Oil Painting

Clementine Hunter
African American folk artist Clementine Hunter (1887-1988), who lived and worked for 75 years at Melrose Plantation, attracted the attention of the world with her colorful memory paintings of life on a rural southern plantation during the first half of the 20th century. She worked at night by the light of a kerosene lantern, in a simple wooden cabin, located in the shadow of the plantation’s Big House. In these humble circumstances, she found her talent and made an unlikely and extraordinary career as an artist.
Gari Melchers
The 18th-century Belmont estate was the country home and studio of prominent portraitist, muralist, and American Impressionist painter Gari Melchers (1860-1932). The house contains Gari and Corinne Melchers’ original furnishings and personal art collection, the studio houses over 1600 works by Melchers, and the 27-acre grounds feature restored formal gardens and miles of walking trails.
Vance Kirkland
The Kirkland Museum of Fine & Decorative Art, housed in an historic Arts and Crafts style building, displays the work of abstract painter Vance Kirkland in vignettes composed of artwork by other Colorado artists, and a major collection of international decorative art from the modern era. Vance Kirkland’s studio space regularly inspires exclamations of awe from visitors, who are able to see his painting table and the straps Kirkland sometimes used to suspend himself above his paintings to create his large oil paint and water compositions, and later his Dot paintings.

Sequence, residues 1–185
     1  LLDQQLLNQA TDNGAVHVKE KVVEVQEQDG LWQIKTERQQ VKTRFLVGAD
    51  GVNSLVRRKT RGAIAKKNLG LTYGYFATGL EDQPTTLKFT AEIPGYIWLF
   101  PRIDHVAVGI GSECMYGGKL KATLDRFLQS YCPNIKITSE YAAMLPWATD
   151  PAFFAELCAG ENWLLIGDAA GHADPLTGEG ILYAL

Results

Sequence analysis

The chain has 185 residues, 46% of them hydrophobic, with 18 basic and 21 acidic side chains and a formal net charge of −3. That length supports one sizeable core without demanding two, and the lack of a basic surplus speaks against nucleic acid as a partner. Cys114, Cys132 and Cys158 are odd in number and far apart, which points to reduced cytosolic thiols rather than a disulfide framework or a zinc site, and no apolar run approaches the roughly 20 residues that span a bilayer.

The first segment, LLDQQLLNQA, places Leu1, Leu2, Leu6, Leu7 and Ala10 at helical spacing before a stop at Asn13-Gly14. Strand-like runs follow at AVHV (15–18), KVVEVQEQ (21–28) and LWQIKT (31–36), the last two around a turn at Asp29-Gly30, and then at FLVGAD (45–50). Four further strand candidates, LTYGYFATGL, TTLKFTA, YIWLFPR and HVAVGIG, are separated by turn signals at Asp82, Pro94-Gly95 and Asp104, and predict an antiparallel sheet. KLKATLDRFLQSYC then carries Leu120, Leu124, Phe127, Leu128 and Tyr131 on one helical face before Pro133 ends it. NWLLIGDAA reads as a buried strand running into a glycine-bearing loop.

Grace Carpenter Hudson
This art, history, and anthropology complex interprets the lives of nationally known artist Grace Carpenter Hudson and her ethnologist husband, Dr. John W. Hudson, who both documented the lives of the Pomo peoples. Their Craftsman bungalow and studio, which they named Sun House, is an example of artistic living.
Winslow Homer
Winslow Homer spent his final decades living and working in this rustic structure, perched on Maine’s rocky coast, where he created powerful images of crashing surf and humankind’s struggles against the elements—paintings that are widely considered among the greatest masterpieces of American art. The Winslow Homer Studio provides an intimate experience of the place that inspired Homer’s most celebrated marine paintings. Visitors walk through the spaces in which he lived and worked, and see the ever-changing natural drama of the ocean crashing against the rocky shore.

Pages